Tiger Woods narrowly missed several putts that kept his score from going any lower than his one-under 71 at Muirfield Village Golf Club in Round 1 of Jack Nicklaus' Memorial Tournament.
This left him six strokes back of first-round leader Charl Schwartzel. There were still a few groups left on the course when Tiger finished, but no one who had a realistic shot of catching Schwartzel.
Woods is the defending champion at the Memorial, and he's had great success at this event, winning five times in his career. Combine that with the fact that Tiger has already claimed four victories in his six stroke-play PGA events this year, and there is no reason to think that he can't overcome this deficit to be right in contention on Sunday.
Check out his Round 1 scorecard, and then I'll break down how his Round 1 played out.
Tiger Woods' 2013 Memorial Round 1 Scorecard
Note: Birdies and eagles appear in bold, and bogeys in italics.
*All stats via PGATour.com
The PGA tweeted the start of Tiger's seemingly annual dominance of Jack's tournament:
He is the defending champion at this tournament to go with wins in 2009, 2001, 2000 and 1999. It seems Tiger can win on Muirfield no matter what swing he uses, and there have been a few.
Check out this amazing gif recently put together by AdamSarson.com.
Tiger brought his most recent version of that swing to the No. 1 tee to start his round and promptly found a fairway bunker.
As you can see, it was no problem for Woods, as he was still able to muster a par, and he did so on the second as well.
On the third, Tiger missed an approach shot left. He then left his chip seven feet from the hole and couldn't make the par-saving putt. This dropped him to one-over, and he was eight shots behind leader Schwartzel, who was already in the clubhouse.
Tiger parred the next two, which included the par-five fifth after he played it safe and laid up with his second shot.
He played the sixth beautifully and birdied the par-four hole to move back to even par. He followed that up with another par on a par-five before gaining an edge on the course for the first time in his round by moving to one-under with a birdie on the par-three eighth. He earned that birdie after his tee shot left him this 10-foot effort for birdie:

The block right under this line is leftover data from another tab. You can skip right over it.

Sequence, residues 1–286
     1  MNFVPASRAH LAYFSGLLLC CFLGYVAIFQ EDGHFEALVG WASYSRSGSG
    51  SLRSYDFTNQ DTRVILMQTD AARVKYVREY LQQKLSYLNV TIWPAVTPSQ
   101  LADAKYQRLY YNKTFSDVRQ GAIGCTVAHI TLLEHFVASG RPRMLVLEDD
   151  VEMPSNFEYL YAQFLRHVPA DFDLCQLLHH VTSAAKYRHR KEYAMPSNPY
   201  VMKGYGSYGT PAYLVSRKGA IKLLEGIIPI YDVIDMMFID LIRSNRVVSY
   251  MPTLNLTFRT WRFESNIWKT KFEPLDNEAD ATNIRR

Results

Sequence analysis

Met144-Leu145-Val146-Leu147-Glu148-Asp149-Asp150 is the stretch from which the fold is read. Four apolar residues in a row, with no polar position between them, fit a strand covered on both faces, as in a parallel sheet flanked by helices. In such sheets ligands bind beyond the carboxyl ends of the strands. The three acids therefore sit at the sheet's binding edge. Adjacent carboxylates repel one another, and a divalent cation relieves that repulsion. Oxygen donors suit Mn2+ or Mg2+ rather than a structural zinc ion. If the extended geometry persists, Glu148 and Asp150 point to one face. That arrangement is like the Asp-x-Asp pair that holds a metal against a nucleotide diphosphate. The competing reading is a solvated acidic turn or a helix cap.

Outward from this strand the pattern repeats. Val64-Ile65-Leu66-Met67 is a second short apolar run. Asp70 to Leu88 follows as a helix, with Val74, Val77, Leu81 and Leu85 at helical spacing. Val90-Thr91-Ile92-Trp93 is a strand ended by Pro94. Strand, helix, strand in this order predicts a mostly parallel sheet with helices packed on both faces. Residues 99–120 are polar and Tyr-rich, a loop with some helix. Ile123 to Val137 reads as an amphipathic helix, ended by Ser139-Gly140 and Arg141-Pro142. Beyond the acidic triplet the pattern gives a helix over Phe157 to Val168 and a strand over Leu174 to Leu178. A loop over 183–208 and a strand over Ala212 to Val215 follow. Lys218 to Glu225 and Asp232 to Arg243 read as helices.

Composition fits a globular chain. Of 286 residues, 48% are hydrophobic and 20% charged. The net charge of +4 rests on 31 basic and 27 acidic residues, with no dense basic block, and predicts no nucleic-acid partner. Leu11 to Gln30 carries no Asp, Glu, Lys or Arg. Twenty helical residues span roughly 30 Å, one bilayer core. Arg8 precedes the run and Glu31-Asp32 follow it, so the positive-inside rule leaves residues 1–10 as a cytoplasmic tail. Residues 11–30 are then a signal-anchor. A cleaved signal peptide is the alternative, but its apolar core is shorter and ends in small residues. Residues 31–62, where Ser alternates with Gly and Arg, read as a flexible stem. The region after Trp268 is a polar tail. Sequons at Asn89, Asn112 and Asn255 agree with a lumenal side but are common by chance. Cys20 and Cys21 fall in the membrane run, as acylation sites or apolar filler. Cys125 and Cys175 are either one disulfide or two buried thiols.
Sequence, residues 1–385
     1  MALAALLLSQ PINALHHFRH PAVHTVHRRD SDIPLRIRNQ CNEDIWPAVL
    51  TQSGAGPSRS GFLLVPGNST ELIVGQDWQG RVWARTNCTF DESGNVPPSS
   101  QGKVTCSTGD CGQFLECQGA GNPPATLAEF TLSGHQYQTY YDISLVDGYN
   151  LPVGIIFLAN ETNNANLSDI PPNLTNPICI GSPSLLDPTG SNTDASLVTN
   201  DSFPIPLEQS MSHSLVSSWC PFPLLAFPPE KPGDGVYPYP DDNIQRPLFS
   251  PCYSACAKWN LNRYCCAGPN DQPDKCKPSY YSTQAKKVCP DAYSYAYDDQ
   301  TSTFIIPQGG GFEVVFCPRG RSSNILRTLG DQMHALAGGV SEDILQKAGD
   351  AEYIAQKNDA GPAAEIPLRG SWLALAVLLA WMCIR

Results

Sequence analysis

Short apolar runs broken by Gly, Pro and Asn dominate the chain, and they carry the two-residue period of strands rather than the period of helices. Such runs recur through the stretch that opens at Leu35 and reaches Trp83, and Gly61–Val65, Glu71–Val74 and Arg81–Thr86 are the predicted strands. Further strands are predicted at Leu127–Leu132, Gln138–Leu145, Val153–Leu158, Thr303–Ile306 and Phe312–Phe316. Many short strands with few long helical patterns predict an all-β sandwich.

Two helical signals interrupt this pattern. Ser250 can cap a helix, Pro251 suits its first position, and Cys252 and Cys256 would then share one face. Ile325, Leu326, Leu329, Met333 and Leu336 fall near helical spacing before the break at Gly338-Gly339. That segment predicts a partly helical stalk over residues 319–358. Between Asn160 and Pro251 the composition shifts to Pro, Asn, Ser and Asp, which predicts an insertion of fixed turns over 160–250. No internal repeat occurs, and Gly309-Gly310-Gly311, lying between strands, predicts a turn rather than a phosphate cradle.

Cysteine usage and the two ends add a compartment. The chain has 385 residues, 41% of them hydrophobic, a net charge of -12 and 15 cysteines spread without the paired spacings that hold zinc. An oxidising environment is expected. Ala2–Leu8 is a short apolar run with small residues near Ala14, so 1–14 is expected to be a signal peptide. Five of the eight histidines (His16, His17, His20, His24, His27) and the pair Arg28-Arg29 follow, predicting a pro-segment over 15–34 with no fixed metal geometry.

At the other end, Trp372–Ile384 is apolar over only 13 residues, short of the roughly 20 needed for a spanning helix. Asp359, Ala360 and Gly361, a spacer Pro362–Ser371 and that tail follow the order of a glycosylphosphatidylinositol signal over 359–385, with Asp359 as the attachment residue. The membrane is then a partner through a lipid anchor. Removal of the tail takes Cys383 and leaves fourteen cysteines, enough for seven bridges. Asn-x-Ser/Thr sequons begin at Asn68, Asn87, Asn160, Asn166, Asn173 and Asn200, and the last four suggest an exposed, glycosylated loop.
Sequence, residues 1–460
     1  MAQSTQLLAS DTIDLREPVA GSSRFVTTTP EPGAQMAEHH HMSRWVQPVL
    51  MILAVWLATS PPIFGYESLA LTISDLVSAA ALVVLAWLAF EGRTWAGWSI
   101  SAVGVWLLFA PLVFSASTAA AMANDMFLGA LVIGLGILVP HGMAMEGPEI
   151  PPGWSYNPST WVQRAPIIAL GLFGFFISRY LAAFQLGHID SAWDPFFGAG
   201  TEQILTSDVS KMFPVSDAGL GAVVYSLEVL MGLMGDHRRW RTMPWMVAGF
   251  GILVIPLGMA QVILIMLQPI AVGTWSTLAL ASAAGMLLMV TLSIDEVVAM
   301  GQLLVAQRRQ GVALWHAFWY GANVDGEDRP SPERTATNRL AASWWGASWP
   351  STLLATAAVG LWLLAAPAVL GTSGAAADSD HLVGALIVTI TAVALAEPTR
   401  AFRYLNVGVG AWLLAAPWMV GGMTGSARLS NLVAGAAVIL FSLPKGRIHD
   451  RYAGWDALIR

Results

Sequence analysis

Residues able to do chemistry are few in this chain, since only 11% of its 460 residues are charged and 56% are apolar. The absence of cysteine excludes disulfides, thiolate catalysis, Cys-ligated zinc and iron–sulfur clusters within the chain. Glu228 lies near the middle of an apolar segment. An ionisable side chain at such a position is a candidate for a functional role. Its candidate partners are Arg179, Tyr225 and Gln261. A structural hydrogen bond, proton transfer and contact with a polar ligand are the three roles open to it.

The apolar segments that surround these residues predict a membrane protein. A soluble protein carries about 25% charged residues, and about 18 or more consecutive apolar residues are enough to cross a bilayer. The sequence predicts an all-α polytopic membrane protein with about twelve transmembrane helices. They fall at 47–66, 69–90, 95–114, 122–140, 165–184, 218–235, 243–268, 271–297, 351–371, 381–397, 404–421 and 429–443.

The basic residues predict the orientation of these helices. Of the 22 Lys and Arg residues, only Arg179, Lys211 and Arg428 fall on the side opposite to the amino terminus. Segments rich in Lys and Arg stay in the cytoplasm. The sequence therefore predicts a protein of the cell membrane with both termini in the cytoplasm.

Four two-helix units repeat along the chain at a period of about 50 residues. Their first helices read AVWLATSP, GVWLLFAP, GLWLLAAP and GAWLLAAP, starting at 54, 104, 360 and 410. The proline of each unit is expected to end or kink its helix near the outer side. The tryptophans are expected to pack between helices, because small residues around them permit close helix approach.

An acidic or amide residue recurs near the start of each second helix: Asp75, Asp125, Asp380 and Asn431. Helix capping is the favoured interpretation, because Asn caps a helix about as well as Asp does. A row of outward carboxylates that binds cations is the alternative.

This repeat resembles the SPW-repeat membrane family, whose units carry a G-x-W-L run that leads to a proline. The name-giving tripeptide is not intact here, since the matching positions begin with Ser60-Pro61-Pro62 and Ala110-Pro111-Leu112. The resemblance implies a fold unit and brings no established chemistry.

Tiger suffered a bit of bad luck on holes Nos. 9 and 10, as birdie putts slid just past the edge of the cup and he parred both.
That led him to the par-five 11th, where he was looking for his first under-par score of the day on the par fives. He found it.
Taking a three-wood off the tee, Woods was still able to make the green in two. He missed his eagle putt just wide, but drained the easy birdie effort.
The stroke gained on No. 11 didn't last long, as Tiger found the rough on No. 12 and then left himself some work for par. He wound up sliding another one that was just off the edge. It was back to one-under for Woods.
Tiger's putting pattern continued as he slid a seven-foot birdie attempt on No. 13 past the edge and settled for par, but he made up for that one by sinking a breaking 13-foot birdie effort on the next hole to move back to two-under.
However, just as he did following his previous birdie, he gave the stroke right back.
Tiger was forced to lay up short on the par-five 15th, and then he botched his chip shot as he hit through the green and could not get up and down to save par.
The managing editor for TV One, Roland Martin, tweeted about the surprising par-five failure and Tiger's reaction:
With that bogey, Tiger finished Round 1 at even-par on the par fives.
Tiger parred the ensuing par-three. A nice approach on No. 17 saw Tiger sink a nice 10-foot birdie putt. However, as became his pattern, he bogeyed the next hole to give the stroke right back and finish at one-under par for the day.
Meanwhile, Shane Bacon, the editor of Yahoo!'s Devil Ball Golf, provides great golf tidbits and useful stats and notes. This is not one of them, but it's still fantastic:
Come on, Shane! I want to know what his results were in those tournaments.
In all, Tiger looked fine. He was hitting fairways, 78 percent of them, and his putting stroke was solid. Despite his close misses, he still finished the day with 1.692 strokes gained-putting.
Had a few of the putts he slid by the edge dropped, he would be right up there with Schwartzel.
I believe it is safe to assume that Tiger will at least be a factor on Sunday.